New Research: Fossils of New Squirrel-like Species Support Earlier Origin of Mammals
A research team led by paleontologists at the American Museum of Natural History and the Chinese Academy of Sciences have described three new small squirrel-like species that place a poorly understood Mesozoic group of animals firmly in the mammal family tree. The study, published today in the journal Nature, supports the idea that mammals originated at least 208 million years ago in the late Triassic, much earlier than some previous research suggests.
The three new species—Shenshou lui, Xianshou linglong, and Xianshou songae—are described from six nearly complete 160-million-year-old fossils found in China. The animals, which researchers have placed in a new group, or clade, called Euharamiyida, likely looked similar to small squirrels. They weighed between 1 and 10 ounces and had tails and feet that indicate that they were tree dwellers.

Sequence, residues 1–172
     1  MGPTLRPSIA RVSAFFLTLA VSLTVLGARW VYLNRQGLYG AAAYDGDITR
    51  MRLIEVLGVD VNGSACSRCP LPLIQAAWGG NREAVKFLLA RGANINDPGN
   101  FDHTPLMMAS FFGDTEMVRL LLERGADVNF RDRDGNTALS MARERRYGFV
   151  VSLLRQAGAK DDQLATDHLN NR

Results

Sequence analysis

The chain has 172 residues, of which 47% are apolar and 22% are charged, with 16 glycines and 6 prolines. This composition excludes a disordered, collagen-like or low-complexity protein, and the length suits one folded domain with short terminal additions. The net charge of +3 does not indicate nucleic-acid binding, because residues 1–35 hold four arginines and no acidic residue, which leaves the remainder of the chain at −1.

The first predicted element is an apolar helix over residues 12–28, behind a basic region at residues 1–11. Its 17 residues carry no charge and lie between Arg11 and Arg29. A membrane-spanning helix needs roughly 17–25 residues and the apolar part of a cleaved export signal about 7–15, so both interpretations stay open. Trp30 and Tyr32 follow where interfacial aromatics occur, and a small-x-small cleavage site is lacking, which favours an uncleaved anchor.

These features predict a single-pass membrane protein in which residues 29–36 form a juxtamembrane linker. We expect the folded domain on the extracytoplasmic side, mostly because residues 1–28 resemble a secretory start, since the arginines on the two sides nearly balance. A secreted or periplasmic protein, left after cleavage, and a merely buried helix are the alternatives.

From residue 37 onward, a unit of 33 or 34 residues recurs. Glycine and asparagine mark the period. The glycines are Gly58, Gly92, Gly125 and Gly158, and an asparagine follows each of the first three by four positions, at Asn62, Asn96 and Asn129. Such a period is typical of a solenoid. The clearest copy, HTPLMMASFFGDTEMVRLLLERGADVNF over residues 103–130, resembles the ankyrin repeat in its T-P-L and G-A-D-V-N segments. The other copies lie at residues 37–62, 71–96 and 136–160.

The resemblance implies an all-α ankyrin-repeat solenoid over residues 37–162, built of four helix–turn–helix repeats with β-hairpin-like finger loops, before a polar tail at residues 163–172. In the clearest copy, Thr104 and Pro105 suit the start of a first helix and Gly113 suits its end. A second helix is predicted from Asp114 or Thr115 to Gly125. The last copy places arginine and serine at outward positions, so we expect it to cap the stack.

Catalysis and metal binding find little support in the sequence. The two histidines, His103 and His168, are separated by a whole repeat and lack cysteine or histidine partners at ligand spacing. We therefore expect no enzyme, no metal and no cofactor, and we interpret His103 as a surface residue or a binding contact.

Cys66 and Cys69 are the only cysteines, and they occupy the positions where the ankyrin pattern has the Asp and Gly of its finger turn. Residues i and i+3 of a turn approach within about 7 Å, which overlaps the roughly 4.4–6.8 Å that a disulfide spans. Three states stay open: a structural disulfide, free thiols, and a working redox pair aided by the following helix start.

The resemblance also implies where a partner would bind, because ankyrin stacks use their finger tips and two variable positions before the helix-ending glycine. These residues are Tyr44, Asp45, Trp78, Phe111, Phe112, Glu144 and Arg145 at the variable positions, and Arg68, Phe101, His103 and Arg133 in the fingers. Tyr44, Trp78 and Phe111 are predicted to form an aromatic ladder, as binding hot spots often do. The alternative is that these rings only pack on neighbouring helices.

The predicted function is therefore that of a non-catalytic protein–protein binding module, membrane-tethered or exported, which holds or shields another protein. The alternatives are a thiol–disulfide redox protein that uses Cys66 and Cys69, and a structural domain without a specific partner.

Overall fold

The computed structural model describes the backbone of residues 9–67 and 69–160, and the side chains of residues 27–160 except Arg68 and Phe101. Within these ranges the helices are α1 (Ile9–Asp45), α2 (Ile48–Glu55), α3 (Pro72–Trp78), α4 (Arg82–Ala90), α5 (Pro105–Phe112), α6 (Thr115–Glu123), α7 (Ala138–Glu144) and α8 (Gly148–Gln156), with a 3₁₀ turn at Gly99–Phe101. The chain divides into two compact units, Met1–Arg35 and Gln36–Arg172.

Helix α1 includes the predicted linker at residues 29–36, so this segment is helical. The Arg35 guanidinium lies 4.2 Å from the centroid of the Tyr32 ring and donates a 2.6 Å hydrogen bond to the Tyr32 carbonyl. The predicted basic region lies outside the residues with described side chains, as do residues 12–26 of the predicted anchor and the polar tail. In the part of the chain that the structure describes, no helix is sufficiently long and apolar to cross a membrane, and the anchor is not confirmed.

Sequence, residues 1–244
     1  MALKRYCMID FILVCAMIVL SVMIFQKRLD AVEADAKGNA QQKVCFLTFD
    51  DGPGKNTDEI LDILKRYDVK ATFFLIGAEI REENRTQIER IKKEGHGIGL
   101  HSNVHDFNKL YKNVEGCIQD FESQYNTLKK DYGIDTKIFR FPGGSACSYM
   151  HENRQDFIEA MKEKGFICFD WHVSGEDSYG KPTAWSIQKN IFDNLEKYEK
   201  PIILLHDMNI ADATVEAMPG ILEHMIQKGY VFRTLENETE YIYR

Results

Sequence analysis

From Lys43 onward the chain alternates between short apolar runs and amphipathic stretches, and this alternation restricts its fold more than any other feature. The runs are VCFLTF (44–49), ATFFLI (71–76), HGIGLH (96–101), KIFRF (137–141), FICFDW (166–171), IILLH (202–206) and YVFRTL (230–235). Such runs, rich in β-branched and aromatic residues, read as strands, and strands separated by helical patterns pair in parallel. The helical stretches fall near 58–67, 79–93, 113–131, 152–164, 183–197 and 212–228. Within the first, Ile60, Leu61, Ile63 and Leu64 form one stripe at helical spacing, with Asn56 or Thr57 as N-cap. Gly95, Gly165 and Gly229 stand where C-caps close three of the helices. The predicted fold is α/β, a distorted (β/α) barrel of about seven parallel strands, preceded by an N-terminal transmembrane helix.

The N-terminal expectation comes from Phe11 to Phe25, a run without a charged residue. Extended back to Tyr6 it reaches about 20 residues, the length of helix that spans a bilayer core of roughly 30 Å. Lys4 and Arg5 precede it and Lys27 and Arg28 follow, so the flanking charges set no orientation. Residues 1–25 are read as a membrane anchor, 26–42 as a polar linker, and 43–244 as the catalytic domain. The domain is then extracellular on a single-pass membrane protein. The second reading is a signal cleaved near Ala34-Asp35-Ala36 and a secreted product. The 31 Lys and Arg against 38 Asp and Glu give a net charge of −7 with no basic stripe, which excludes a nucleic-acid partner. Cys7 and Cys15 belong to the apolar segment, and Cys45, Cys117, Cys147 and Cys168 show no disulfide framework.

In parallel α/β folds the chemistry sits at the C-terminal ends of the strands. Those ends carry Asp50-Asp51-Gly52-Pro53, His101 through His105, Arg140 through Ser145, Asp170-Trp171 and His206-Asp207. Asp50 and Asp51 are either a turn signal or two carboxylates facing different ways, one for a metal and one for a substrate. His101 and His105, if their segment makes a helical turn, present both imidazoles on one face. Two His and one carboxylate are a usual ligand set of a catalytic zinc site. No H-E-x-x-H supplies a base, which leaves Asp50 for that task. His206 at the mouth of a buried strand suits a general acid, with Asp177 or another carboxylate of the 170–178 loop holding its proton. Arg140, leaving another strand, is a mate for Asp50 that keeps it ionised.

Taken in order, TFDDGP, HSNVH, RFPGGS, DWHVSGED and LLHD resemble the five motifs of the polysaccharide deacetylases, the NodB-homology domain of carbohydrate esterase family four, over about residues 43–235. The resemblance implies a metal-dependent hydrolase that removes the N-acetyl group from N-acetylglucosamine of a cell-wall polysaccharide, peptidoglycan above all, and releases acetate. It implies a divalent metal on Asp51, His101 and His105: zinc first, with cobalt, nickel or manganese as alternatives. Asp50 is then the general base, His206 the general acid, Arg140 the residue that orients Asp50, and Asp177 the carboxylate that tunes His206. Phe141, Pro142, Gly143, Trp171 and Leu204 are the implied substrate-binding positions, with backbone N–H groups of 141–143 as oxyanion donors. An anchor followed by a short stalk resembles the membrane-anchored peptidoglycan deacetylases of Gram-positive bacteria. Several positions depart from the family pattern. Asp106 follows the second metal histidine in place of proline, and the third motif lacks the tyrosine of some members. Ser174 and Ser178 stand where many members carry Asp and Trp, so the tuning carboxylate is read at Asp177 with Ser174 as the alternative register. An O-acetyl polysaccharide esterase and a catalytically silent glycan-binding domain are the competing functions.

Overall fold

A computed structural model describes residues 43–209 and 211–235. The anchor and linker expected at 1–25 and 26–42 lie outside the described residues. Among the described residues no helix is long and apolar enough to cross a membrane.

Based on the age of the Euharamiyida species and their kin, the divergence of mammals from reptiles had to have happened much earlier than some research has estimated. Instead of originating in the middle Jurassic (between 176 and 161 million years ago), mammals likely first appeared in the late Triassic (between 235 and 201 million years ago).
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